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Regarding “Fatal air embolism in hospital confirmed by autopsy and postmortem computed tomography”

  • Vladimir Živković
  • Danica Cvetković
  • Slobodan Nikolić
Letter to the Editor

We read with interest the article by Edler et al. entitled “Fatal air embolism in hospital confirmed by autopsy and postmortem computed tomography” [1], which describes a case of unusual fatal air embolism in an 83-year-old woman. The authors mentioned several autopsy findings indicating air embolism, one of them being air locks in cerebral vessels. In this paper Fig. 7 shows small bubbles of air, clearly visible in the cerebral vessels [1]. However, air locks in these – pial vessels, cannot be taken as an indubitable sign of an air embolism.

This sign was described as a common artifact in (at least) three major textbooks. In “Knight’s Forensic Pathology” it is stated that in cases of suspected air embolism, the head should be dissected first, “not to detect air bubbles in the cortical veins, as almost every textbook erroneously states, but to look for air in the cerebral arteries”. It is also stated, in a critical manner, that “descriptions and photographs of air segments in the cerebral veins are part of the mythology of forensic pathology, handed on uncritically from one book and one author to another” and concluded that the bubbles in pial vessels are artifacts that can be seen in many routine autopsies where there is no suggestion of an air embolism being present [2]. In “Forensic Pathology” by DiMaio and DiMaio, it is explained that the process of removing the skull cap, cutting through the dura, and putting traction on the brain to see the cerebral circulation might introduce air bubbles into the circulation, and therefore, the presence of a few air bubbles in the cerebral circulation does not necessarily indicate an embolus [3]. Finally, Spitz and Fisher’s “Medicolegal Investigation of Death” states that “an interrupted blood column, i.e. fragmentation of the blood line in… the arteries of the meninges or elsewhere in the body, is often artifactual and must not be regarded as evidence of air embolism” [4].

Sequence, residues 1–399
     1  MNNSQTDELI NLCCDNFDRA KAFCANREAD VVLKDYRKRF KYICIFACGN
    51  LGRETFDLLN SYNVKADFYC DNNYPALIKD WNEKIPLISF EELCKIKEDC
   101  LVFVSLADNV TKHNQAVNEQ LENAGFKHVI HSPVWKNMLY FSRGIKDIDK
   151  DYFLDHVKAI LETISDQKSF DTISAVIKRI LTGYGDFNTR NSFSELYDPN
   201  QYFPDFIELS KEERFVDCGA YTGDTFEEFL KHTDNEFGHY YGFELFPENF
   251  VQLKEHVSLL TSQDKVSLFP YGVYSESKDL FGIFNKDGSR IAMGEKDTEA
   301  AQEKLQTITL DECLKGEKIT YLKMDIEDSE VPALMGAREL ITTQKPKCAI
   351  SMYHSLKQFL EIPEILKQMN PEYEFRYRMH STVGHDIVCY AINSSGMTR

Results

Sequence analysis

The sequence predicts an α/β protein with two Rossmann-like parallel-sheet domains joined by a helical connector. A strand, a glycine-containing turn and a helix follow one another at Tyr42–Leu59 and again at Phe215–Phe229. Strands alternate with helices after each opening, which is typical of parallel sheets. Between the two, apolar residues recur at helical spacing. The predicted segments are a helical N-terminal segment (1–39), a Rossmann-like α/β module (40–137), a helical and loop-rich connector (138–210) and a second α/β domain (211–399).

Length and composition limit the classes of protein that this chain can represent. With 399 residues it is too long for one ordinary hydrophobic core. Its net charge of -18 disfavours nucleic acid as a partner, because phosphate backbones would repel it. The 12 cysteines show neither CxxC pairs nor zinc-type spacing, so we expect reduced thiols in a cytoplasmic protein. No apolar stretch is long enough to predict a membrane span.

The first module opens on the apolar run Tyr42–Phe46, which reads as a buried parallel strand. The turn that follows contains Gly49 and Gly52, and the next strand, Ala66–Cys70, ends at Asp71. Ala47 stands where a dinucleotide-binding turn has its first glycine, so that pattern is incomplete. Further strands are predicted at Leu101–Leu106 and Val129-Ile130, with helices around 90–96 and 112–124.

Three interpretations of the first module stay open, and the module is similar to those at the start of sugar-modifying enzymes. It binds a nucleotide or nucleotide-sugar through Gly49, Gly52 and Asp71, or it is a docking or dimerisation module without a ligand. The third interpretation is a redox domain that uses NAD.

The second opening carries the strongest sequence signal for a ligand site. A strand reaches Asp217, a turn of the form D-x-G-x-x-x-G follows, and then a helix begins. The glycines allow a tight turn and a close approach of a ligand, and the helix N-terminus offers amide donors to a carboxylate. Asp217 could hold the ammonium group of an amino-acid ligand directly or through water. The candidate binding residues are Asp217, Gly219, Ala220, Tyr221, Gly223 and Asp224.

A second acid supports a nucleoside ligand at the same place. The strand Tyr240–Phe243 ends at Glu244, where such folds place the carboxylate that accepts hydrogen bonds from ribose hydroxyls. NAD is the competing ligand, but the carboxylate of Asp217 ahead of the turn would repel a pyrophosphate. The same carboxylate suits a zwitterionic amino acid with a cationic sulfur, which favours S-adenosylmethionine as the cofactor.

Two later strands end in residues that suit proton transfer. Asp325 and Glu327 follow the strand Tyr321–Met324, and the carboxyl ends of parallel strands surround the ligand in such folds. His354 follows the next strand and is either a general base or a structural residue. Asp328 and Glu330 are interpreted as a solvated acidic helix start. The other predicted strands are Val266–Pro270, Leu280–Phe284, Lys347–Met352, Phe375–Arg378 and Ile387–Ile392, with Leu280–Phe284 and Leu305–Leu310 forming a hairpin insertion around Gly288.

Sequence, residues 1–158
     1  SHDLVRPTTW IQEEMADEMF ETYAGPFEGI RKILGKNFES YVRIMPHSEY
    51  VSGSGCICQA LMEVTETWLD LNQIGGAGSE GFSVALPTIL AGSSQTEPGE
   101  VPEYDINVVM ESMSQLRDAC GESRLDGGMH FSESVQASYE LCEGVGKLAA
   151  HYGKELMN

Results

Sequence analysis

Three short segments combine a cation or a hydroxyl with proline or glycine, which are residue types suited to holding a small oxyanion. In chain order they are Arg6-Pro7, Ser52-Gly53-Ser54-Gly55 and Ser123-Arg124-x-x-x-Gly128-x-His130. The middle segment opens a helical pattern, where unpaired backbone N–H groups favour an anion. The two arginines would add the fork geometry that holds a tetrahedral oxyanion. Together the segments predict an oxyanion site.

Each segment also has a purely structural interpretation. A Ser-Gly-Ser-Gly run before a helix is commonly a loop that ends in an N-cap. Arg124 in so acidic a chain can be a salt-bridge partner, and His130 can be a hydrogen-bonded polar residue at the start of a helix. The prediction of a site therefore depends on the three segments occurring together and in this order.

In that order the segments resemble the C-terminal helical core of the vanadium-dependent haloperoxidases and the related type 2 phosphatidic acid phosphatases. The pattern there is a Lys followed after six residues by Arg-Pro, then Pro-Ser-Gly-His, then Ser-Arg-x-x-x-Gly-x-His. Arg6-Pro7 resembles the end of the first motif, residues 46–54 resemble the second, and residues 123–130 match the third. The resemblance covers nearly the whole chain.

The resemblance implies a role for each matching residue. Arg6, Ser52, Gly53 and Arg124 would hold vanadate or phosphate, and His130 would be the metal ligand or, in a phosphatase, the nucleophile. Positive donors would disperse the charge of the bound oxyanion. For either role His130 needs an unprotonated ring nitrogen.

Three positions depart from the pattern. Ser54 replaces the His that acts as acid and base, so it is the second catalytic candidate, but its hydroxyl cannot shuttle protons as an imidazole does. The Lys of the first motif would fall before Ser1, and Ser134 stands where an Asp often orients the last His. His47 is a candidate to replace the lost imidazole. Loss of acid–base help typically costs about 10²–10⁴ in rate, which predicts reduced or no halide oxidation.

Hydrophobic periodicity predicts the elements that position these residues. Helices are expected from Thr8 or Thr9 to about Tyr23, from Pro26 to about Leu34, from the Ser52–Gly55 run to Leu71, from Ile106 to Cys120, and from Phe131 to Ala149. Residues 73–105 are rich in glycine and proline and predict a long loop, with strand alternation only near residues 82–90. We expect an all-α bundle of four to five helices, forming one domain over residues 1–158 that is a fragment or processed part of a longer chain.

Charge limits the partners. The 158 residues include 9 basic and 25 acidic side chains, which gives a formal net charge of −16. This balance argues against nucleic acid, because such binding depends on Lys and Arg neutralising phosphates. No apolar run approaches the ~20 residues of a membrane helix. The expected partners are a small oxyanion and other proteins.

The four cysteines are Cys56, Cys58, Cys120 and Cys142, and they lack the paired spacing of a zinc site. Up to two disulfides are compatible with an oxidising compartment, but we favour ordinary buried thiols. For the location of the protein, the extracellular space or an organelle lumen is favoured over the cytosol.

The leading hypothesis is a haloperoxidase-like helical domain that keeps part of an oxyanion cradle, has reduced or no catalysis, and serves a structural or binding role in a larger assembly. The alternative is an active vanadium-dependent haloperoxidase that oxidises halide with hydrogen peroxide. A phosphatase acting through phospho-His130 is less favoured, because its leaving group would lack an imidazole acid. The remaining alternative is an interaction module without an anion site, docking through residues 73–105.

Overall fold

In the case presented by Edler et al. air embolism is undoubtedly confirmed by postmortem computed tomography, a positive test for cardiac air embolism at autopsy, and by microscopic examination – intravasal air locks were observed in the lungs. However, air locks in cerebral – pial vessels seen at the autopsy were also unadvisedly presented as a sign of air embolism, which might mislead some less experienced forensic pathologists, especially if it were presented as a sole “proof” of an air embolism. This is an artifact, described in major textbooks, and should be regarded in this way.

Notes

Acknowledgments

This work was supported by Ministry of Science of Republic of Serbia, Grant No. 45005.

References

  1. 1.
    Edler C, Klein A, Püschel K, Schröder AS. Fatal air embolism in hospital confirmed by autopsy and postmortem computed tomography. Forensic Sci Med Pathol. 2018;  https://doi.org/10.1007/s12024-018-9961-2.
  2. 2.
    Saukko P, Knight B. Complications of injury. In: Saukko P, Knight B. Knight’s forensic pathology. 3rd ed. London: Arnold; 2004. pp. 339–352.Google Scholar
  3. 3.
    DiMaio VJM, DiMaio DJ. Emboli. In: DiMaio VJM, DiMaio DJ. Forensic pathology. 2nd ed. Boca Raton: CRC Press; 2001. pp. 453–464.Google Scholar
  4. 4.
    Spitz WU. Selected procedures at autopsy. In: Spitz WU, Fisher RS, editors. Medicolegal investigation of death: guidelines for the application of pathology to crime investigation. Springfield: Charles C. Thomas; 2006. p. 1243–74.Google Scholar

Copyright information

© Springer Science+Business Media, LLC, part of Springer Nature 2018

Authors and Affiliations

  1. 1.Institute of Forensic MedicineUniversity of Belgrade – School of MedicineBelgradeSerbia

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